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Development of directed and random exploration in children

Are young children just random explorers who learn serendipitously? Or are even young children guided by uncertainty-directed sampling, seeking to explore in a systematic fashion? We study how children between the ages of 4 and 9 search in an …

Similarities and differences in spatial and non-spatial cognitive maps

There is a resurgence of interest in "cognitive maps" based on recent evidence that the hippocampal-entorhinal system encodes both spatial and non-spatial information, with far-reaching implications for human behavior. Yet little is known about the …

Learning functions actively

How do people actively learn functional rules, i.e. a mapping of continuous inputs onto a continuous output? We investigate information search behavior in a multiple-feature function learning task in which participants either actively select or …

Stepwise versus globally optimal search in children and adults

How do children and adults search for information when stepwise-optimal strategies fail to identify the most efficient query? The value of questions is often measured in terms of stepwise information gain (expected reduction of entropy on the next …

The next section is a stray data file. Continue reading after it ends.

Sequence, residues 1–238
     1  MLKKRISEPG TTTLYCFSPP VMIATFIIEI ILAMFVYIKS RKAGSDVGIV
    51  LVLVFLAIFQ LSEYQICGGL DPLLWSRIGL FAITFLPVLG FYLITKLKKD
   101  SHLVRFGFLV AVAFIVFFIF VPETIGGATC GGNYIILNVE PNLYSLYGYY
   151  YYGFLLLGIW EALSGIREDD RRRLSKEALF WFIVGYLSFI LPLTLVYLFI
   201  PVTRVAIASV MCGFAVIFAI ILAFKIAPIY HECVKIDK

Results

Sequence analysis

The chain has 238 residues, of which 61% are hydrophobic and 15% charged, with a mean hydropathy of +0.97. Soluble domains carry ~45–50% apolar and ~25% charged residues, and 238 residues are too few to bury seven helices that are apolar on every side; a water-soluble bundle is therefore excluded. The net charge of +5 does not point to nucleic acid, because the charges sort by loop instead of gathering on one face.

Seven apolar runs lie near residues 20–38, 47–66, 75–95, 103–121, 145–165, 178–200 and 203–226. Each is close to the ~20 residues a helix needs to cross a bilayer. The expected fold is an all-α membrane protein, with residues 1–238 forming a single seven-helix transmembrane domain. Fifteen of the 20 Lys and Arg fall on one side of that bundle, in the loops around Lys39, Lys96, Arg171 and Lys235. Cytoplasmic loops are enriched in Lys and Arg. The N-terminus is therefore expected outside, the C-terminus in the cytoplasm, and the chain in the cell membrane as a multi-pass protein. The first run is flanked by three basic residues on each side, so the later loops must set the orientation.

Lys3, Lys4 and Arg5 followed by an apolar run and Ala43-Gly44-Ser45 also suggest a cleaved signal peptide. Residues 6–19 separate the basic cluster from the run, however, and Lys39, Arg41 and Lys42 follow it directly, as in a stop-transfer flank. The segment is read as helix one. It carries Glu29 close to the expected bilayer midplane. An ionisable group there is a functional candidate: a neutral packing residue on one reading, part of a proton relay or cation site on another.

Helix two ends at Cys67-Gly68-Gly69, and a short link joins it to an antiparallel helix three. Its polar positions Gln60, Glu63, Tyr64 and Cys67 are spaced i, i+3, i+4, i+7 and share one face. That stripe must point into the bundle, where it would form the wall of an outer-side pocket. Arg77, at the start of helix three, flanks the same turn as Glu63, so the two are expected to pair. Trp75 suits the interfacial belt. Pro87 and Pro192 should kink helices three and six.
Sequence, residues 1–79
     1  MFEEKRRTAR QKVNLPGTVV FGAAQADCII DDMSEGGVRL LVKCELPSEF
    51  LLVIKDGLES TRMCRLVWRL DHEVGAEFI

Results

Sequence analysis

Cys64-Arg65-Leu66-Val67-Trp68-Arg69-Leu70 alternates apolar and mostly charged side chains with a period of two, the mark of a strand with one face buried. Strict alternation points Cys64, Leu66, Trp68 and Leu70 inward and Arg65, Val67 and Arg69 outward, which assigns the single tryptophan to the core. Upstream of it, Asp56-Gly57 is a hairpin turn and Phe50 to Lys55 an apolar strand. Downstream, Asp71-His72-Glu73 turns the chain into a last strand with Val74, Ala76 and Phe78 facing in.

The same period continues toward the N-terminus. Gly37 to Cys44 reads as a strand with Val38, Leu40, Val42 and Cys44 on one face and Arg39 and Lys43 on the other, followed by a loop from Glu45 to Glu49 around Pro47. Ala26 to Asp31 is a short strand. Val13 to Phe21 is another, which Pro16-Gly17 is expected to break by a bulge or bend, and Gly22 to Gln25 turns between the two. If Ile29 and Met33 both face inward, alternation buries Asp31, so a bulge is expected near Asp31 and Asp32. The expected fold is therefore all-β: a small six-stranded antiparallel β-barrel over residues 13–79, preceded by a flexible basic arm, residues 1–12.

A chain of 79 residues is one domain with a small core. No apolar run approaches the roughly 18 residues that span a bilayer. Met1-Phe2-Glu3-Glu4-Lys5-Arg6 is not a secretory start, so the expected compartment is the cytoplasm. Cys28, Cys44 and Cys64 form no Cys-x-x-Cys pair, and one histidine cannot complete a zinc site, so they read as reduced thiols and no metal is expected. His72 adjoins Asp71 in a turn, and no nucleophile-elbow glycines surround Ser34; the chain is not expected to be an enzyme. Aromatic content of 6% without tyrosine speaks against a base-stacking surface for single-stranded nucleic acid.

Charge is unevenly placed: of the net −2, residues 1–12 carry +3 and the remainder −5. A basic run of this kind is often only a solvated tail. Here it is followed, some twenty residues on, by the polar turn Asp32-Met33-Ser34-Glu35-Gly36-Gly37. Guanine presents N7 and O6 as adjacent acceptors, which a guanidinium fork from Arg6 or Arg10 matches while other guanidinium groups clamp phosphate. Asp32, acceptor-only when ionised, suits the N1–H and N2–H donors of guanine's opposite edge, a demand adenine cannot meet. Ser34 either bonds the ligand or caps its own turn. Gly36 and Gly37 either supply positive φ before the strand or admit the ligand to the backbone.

Searching for rewards like a child means less generalization and more directed exploration

How do children and adults differ in their search for rewards? We considered three different hypotheses that attribute developmental differences to (a) children's increased random sampling, (b) more directed exploration toward uncertain options, or …

Active function learning

How do people actively explore to learn about functional relationships, that is, how continuous inputs map onto continuous outputs? We introduce a novel paradigm to investigate information search in continuous, multi-feature function learning …

Connecting conceptual and spatial search via a model of generalization

The idea of a "cognitive map" was originally developed to explain planning and generalization in spatial domains through a representation of inferred relationships between experiences. Recently, new research has suggested similar principles may also …

Generalization guides human exploration in vast decision spaces

From foraging for food to learning complex games, many aspects of human behaviour can be framed as a search problem with a vast space of possible actions. Under finite search horizons, optimal solutions are generally unobtainable. Yet, how do humans …

Generalized information theory meets human cognition: Introducing a unified framework to model uncertainty and information search

Searching for information is critical in many situations. In medicine, for instance, careful choice of a diagnostic test can help narrow down the range of plausible diseases that the patient might have. In a probabilistic framework, test selection is …

Towards a theory of heuristic and optimal planning for sequential information search

How should tests (or queries, questions, or experiments) be selected? Does it matter if only a single test is allowed, or if a sequential test strategy can be planned in advance? This article contributes two sets of theoretical results bearing on …